Mr. Speaker, I will be splitting my time with the hon. member for Niagara West—Glanbrook.
I must confess that my plan to lose two inches off my waistline by summer is not going well. Part of the blame rests with a lovely little restaurant in my riding called La Porto A Casa, which has the best tiramisu in Canada. I am prepared to certify that on the floor of this House of Commons. It has, as a business, been a model of a Canadian success story.
Only about four years ago, it opened the restaurant and, within several months, it had to double in size of square footage to accommodate the enormous demand. It now employs 16 people in our community. It has never asked for a government grant or handout but it pays salaries and wages, and provides the citizens of Barrhaven with a wonderful meeting place and a good, solid, authentic Italian dinner or lunch.
The only thing not on the menu, though, is a workplace pension plan. The reason for that is that out of the 16 employees that one would have in a business that size, it does not make financial sense to hire somebody, or a group of people, to administer a pension plan. In fact, there are businesses just like La Porto A Casa, and business owners, just like Ozzie and Caroline, right across this country. They might be small mechanic's shops, landscaping companies, small restaurants or small accounting firms. By themselves, they do not have the economies of scale to provide a workplace pension plan and, as a result, 60% of Canadian employees do not have one.
However, what if people like Ozzie and Caroline from La Porto A Casa, Sonny from Sonny's Manotick Garage and thousands of other small businesses that employ millions of people combined could pool their efforts and provide such a pension program for their employees?
Let us imagine if banks, insurance companies and existing pension plans, like the Ontario teachers' pension fund, could offer such a pooled service to employees of small businesses just like the ones I just finished describing. Such would provide an opportunity for the 60% of Canadians who currently lack a workplace pension fund to buy into one.
That is exactly what the bill before the House proposes to do. They would be called the “pooled registered pension plans”. They would be administratively simple and cost-effective, and they would provide mobility to the workers who travel between small employers on a fairly frequent basis. That would allow these businesses to come together and pool the costs and the risks associated with a pension fund for employees.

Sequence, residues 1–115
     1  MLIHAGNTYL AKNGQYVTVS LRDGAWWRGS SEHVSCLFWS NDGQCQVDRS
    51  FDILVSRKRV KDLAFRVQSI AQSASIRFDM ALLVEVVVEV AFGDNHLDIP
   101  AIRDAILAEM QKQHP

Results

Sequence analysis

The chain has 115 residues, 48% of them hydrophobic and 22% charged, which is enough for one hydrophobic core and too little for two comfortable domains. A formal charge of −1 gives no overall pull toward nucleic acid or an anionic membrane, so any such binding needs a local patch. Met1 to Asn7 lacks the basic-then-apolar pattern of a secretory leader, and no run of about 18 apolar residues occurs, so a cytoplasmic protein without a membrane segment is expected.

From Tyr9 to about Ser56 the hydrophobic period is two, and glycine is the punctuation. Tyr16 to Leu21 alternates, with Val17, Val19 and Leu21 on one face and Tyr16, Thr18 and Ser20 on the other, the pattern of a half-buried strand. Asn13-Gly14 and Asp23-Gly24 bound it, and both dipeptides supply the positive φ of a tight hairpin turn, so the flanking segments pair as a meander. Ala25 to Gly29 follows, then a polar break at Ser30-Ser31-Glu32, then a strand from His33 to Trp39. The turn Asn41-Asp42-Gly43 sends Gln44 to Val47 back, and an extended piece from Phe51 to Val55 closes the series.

This is an excellent opportunity to allow working people to have greater participation in our economy and to set aside money that would be invested for their future. By the way, that money, when invested, is not simply hidden under somebody's bed. In fact, it is invested in other Canadian companies that then use it to hire people, buy machines and grow wealth and prosperity for other workers, creating a virtuous cycle.
The opposition has said that it opposes this idea. It does not believe that small businesses like La Porto A Casa and Sonny's gas station in Manotick should be allowed to pool their resources in order to create a pension fund opportunity for their employees. The reason the opposition does not like the idea is because it says that these funds would be invested in the stock market. That is partly true but they could also be invested in real estate, bonds or treasury bills.
However, it is true that almost every successful pension fund in the world does invest in the stock market because stock markets grow and it is good when pension funds grow with them. In fact, all of the pension funds that the left of centre opposition claims to support are invested in the stock market. Let us take, for example, the Quebec pension plan, which is the province's equivalent of what we in English Canada call the CPP. It is widely invested in private sector businesses.